At 37, the "shark" from Baltimore has forged a new career far from the pools.

"I would rather have the opportunity to save a life than to win another gold medal," he told AFP during his visit to the Demain le sport forum in Paris.

After years of hiding his depression, Phelps is dedicating his new life to sports mental health prevention.

"Too many Olympic athletes have committed suicide. I don't want to lose a single member of my Olympic family anymore," he breathes.

Phelps began to suffer from depression in 2004 while competing in the Athens Olympics.

In Greece, the American had yet won eight medals, including six gold, the beginning of a harvest concluded at the 2016 Olympics in Rio de Janeiro, with 28 medals including 23 titles.

"I didn't want to live"

"Playing in competitions was my favorite thing. I was a shark, I smelled the blood in the water, and I kept going," he admits.

But at the time, Michael Phelps feared that admitting what he was going through would be seen as "a sign of weakness, and could give other competitors an advantage".

"I lived a period during which I did not want to live," he admits.

Involved in the production of the documentary "The Weight of Gold" on the mental health of athletes, Phelps hails Japanese tennis player Naomi Osaka and American gymnast Simone Biles for revealing their inner ills.

"I applaud Naomi. She expressed what she was going through on her social networks, in her own words. It's not the easiest thing to do," he explains.

"When you look at what happened with Simone Biles, she had to endure all of this during one of the most important moments of her career," adds the 37-year-old ex-swimmer.

"It shows how mental disorders come at unexpected times. It can happen like that," he said, snapping his fingers.

"We need more people ready to open up and share their experience," says the "shark" from Baltimore.

"Finding the Balance"

Now the father of three boys aged six, four and three, Phelps has a life that "never ends", with his wife Nicole.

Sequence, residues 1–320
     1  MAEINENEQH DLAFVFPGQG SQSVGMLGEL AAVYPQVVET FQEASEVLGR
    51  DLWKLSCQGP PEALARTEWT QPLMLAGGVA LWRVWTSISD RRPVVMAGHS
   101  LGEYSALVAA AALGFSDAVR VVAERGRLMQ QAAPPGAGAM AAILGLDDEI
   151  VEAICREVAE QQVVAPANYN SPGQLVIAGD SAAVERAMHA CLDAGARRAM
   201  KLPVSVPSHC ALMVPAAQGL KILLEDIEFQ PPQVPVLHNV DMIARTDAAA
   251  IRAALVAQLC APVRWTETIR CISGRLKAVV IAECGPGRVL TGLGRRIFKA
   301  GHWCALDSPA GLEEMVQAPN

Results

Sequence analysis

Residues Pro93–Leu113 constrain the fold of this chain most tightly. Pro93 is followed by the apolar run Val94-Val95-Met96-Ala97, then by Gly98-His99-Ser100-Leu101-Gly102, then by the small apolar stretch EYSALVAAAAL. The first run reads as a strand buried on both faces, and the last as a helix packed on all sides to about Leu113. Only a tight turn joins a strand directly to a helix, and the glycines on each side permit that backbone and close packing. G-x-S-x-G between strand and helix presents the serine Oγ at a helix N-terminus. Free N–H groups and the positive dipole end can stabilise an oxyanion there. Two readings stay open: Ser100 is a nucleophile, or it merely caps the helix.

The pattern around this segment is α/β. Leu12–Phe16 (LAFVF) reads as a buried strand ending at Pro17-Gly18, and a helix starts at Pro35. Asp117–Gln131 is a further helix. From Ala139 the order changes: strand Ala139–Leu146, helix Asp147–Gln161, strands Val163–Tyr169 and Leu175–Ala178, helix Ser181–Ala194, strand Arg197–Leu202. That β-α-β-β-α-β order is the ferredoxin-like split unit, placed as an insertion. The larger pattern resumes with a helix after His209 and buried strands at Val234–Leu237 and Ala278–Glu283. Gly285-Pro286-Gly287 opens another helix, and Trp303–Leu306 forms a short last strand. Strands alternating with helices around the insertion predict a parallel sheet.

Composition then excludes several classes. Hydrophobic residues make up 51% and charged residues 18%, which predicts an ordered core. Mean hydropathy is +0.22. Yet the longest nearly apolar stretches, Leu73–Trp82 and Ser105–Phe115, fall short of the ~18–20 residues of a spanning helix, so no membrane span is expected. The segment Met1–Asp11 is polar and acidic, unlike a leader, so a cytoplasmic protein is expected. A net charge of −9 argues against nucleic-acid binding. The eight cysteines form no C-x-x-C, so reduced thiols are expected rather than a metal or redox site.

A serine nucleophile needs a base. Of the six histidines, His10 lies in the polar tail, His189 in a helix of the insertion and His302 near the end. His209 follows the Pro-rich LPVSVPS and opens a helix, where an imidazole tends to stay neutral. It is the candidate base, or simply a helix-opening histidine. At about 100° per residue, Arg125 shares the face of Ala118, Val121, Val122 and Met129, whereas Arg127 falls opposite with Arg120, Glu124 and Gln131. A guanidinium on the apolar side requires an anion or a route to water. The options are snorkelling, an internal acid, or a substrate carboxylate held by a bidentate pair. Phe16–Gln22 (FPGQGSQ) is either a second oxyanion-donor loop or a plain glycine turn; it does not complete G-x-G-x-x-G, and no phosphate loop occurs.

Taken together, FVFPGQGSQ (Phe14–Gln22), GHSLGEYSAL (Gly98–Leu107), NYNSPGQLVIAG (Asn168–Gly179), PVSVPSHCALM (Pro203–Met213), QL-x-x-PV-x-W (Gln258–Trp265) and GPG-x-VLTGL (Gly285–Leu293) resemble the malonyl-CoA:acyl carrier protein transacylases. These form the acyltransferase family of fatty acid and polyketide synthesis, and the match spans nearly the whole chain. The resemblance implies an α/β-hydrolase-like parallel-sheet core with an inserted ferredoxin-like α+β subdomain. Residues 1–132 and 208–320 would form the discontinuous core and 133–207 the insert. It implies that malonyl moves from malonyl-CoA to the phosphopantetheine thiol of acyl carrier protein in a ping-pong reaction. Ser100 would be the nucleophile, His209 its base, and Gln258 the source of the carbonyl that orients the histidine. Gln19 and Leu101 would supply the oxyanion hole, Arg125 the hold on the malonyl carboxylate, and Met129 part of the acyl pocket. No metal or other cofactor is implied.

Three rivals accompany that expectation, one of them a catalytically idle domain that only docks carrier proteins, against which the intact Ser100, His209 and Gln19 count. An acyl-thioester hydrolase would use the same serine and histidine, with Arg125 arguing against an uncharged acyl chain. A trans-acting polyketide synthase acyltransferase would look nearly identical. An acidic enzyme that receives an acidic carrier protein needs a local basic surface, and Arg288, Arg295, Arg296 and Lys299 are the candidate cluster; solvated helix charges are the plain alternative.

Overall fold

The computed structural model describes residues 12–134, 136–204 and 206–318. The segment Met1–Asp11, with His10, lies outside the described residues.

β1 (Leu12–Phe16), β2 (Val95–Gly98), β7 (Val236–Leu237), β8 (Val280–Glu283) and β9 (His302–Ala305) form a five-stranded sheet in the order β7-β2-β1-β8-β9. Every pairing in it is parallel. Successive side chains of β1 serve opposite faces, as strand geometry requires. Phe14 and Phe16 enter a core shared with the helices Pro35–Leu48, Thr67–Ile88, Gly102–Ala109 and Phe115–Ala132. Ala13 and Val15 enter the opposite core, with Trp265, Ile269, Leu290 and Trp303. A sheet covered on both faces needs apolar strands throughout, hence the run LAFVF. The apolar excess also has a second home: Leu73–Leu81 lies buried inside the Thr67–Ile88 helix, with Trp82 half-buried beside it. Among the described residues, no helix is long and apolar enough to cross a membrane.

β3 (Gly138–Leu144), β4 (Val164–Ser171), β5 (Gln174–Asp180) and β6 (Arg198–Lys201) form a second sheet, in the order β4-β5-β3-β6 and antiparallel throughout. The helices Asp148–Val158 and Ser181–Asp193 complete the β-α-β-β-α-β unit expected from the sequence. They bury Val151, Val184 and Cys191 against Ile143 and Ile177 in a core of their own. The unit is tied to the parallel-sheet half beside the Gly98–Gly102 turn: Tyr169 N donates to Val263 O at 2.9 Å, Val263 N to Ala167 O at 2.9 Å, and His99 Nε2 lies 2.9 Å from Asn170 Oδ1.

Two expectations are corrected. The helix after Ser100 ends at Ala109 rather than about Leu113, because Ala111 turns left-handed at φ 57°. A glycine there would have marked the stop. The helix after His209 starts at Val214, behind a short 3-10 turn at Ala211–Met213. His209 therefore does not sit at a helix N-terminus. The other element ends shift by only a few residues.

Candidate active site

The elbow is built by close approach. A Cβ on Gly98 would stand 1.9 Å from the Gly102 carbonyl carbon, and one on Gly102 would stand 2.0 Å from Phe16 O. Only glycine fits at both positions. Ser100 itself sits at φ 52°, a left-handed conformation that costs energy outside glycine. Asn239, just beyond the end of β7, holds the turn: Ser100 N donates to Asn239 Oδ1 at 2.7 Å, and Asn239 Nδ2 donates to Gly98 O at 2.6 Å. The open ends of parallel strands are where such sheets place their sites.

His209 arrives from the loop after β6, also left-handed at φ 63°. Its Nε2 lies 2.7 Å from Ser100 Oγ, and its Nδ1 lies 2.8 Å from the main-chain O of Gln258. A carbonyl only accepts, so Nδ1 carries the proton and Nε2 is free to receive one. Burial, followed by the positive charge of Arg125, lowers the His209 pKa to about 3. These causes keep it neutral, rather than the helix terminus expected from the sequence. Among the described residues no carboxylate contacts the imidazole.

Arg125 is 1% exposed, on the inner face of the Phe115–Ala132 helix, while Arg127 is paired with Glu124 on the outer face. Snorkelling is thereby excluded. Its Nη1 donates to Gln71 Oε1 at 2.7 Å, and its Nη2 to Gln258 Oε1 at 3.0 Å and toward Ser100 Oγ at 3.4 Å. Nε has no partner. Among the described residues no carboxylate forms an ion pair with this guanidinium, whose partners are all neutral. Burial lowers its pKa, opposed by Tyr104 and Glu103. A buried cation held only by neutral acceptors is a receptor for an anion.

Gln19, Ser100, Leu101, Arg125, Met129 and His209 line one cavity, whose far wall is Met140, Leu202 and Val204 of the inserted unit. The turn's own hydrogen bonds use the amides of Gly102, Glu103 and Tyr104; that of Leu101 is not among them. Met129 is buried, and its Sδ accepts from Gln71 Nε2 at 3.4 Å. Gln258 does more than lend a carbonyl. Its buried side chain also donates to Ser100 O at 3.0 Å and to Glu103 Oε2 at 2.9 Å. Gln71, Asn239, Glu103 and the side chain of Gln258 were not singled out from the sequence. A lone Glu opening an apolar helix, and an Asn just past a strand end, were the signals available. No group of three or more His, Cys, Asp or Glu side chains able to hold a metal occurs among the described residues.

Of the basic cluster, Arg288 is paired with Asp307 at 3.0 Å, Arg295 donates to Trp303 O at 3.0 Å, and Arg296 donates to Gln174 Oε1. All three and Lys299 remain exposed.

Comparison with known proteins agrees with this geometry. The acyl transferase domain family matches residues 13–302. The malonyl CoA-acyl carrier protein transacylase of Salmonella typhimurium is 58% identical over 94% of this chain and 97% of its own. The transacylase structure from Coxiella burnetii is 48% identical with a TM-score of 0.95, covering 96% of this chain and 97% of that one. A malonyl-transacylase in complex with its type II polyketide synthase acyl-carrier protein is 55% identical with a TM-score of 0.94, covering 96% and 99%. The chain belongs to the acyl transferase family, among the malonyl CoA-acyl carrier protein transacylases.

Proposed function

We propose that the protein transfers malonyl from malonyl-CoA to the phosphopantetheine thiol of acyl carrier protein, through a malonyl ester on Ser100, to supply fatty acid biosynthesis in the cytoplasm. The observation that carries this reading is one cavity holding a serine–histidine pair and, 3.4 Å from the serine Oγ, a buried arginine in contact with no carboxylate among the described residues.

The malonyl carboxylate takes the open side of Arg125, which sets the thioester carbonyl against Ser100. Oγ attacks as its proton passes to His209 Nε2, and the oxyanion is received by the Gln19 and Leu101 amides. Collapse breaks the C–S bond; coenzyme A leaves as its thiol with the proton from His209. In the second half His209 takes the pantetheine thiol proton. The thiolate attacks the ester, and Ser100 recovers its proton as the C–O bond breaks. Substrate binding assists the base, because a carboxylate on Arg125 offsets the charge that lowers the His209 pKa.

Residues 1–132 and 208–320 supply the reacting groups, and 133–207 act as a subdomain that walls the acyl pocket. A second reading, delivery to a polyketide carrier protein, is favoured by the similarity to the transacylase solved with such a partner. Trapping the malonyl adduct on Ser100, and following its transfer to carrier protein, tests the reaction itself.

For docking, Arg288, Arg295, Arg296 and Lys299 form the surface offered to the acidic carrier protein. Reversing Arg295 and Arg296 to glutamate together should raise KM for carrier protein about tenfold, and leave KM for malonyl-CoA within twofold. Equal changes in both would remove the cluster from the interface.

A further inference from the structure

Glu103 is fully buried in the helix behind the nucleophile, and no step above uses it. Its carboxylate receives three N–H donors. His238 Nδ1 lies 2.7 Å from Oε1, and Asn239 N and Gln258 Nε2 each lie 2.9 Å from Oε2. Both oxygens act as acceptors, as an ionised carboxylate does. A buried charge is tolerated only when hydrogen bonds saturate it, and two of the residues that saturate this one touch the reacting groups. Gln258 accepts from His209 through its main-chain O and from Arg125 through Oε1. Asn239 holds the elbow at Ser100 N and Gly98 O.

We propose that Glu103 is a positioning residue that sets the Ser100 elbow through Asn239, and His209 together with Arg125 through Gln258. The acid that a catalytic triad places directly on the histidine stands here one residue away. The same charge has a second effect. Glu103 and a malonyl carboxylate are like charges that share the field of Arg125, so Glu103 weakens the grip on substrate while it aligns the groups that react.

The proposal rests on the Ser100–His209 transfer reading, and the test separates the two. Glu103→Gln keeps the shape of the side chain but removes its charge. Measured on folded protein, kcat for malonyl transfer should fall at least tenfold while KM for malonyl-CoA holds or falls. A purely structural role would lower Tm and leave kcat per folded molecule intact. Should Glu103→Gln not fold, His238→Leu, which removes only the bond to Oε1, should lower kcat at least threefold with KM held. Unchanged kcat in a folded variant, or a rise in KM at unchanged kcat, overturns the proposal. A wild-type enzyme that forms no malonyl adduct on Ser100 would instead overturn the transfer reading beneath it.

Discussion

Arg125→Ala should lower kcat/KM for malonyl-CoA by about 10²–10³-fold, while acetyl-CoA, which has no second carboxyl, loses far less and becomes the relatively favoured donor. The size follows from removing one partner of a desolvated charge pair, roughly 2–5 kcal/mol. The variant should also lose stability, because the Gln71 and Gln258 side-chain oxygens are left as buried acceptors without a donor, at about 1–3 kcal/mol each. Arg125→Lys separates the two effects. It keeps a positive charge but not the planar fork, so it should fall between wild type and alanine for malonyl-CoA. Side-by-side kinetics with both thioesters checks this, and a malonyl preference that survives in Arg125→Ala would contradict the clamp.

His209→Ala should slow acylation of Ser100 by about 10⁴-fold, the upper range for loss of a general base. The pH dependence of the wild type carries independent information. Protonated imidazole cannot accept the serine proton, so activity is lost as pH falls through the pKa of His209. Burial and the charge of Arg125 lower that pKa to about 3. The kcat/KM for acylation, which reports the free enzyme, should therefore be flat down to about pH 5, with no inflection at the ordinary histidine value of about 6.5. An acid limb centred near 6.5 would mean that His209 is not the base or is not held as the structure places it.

"I travel the world, working with sponsors or giving motivational speeches."

"(Nicole) could tell you that there are days when I wake up and I feel great, and the next day I might wake up and be completely different, so it's really about finding balance for me" , he breathes.

In addition to his lectures, Michael Phelps "looks for ways to be himself, authentic".

"I swim. We built a gym in our garage. I write a journal."

Phelps retired in 2016, after a two-year career hiatus.

"It allowed me to make a transition to the next chapter (of my life, editor's note) which is now focused on mental health."

Regarding the possibility of starting a coaching career, Michael Phelps dismissed the idea out of hand, assuring that there was "no chance" that he was following in the footsteps of his former coach Bob Bowman.

However, he does not rule out the idea of ​​​​having a role within the American team or the International Swimming Federation (Fina), but "not now".

"A lot of things have to happen, there has to be change."

Far from the pools, Phelps nevertheless continues to follow swimming news, and says he is in favor of an "open category" for transgender swimmers.

“I believe there should be three classes: male, female and trans, to give everyone equal opportunities to compete,” he explains.

© 2022 AFP